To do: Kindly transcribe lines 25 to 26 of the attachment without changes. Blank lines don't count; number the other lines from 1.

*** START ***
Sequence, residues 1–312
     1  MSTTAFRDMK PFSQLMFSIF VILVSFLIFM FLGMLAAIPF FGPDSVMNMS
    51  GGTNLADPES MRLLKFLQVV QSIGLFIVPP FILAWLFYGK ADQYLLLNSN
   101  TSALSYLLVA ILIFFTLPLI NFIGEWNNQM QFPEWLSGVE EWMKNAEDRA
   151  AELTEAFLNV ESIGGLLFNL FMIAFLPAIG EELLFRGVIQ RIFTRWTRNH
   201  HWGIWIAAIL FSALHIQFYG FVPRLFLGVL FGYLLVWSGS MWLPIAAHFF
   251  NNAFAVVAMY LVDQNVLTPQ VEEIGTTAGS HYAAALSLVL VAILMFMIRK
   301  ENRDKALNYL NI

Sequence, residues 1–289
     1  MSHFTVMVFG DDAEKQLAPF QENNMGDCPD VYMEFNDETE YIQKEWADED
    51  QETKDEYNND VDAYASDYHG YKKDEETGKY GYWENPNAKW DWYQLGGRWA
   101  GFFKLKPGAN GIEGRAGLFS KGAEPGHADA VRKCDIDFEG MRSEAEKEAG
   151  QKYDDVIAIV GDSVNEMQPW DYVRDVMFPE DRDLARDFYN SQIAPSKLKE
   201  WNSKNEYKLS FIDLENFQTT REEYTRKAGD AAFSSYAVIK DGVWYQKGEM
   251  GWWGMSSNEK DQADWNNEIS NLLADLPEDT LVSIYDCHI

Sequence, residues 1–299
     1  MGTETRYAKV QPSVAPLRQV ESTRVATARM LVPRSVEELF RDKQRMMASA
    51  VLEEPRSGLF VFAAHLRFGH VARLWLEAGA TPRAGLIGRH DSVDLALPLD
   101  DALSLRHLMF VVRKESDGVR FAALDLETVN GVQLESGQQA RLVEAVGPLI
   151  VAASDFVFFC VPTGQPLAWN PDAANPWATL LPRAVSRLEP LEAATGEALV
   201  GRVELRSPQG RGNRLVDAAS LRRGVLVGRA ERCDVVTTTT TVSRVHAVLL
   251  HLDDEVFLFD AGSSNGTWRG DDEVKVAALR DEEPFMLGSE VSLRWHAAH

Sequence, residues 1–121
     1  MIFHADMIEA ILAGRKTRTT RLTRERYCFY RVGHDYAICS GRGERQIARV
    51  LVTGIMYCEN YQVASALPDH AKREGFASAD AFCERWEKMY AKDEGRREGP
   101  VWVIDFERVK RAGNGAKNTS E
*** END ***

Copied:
    51  LVTGIMYCEN YQVASALPDH AKREGFASAD AFCERWEKMY AKDEGRREGP
   101  VWVIDFERVK RAGNGAKNTS E